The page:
Vantage Lofts, a mothballed Henderson condo project, has been sold and is said to be headed for completion.
Southern Nevada developer Rothwell Gornt Cos. sold the partially built 110-unit project this month for $10 million to Seattle property manager and investor John Goodman.
Goodman plans to complete the 10-acre luxury development, Rothwell Gornt principal Rich Crighton said.
The property was listed for sale in March at $14.35 million. According to the brochure, it needs $13.4 million of additional construction work.
“This will be his Vegas trophy,” Crighton said.
Goodman is the founder and chairman of the Pinnacle Family of Cos., which employs more than 4,000 people nationwide. Its website says Pinnacle is one of the largest multifamily property management companies in the country, overseeing a portfolio valued at more than $22 billion. The company also says it manages more than 16 million square feet of office, retail and industrial space.
Goodman did not respond to requests for comment.
Vantage Lofts’ original developer, Slade Development, pursued the $160 million project at Gibson Road and Paseo Verde Parkway during the building boom. The three-building project, perched on a hill with Strip views, was supposed to open in 2007 with condos priced from $400,000 to $1.6 million.
Vantage, however, was mothballed in spring 2008 and went bankrupt a few months later. Slade executives spent more than $70 million and left one building 90 percent complete, another 80 percent complete and one 70 percent complete.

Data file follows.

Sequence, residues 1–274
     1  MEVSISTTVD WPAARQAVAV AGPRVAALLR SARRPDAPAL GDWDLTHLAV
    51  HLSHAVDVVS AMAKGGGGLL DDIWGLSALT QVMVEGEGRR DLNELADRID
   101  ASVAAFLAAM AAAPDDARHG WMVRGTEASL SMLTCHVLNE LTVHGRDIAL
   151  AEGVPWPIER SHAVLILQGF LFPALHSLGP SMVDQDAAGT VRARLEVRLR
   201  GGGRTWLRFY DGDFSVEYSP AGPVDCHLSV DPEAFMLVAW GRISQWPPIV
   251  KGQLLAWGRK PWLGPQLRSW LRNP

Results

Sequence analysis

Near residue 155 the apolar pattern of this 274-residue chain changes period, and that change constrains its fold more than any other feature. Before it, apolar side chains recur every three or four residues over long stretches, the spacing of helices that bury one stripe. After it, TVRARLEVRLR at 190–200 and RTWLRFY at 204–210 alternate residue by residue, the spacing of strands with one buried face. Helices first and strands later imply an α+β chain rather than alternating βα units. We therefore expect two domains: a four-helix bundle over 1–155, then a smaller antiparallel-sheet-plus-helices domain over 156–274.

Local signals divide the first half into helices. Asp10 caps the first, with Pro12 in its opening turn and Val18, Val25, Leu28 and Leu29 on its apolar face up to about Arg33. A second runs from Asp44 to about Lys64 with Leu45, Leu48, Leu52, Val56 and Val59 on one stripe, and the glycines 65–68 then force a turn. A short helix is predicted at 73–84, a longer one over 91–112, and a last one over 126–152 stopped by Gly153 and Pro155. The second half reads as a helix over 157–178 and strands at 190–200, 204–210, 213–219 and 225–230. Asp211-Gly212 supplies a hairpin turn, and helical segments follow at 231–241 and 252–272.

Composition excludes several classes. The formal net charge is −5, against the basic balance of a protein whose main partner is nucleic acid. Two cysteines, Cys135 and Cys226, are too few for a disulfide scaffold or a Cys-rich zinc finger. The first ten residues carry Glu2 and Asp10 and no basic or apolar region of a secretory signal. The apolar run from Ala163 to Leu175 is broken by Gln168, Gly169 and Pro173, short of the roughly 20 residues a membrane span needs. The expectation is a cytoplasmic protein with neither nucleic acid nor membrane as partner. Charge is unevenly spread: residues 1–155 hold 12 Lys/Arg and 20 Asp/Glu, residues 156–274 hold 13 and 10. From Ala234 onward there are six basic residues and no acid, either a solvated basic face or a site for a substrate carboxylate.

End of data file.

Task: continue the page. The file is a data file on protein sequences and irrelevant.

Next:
Crighton’s firm bought the property out of bankruptcy court in February 2012. He told VEGAS INC last fall that his company planned to spend $15 million to finish the project, with construction lasting six to nine months. He wouldn’t say what his company would sell the condos for, but he noted that Slade’s prices were “astronomical compared to what we’ll do.”
In January, Crighton’s group received Henderson City Council approval to rent the units instead of selling them, giving him the option to turn Vantage Lofts into an apartment-rental complex.
Ultimately, though, he let the unfinished buildings collect more dust and flipped them to Goodman.
Crighton declined to disclose his own purchase price, which was kept out of the public record as part of his acquisition last year, but he acknowledged that he made a profit on the recent sale.
“That’s why we wake up in the morning,” he said.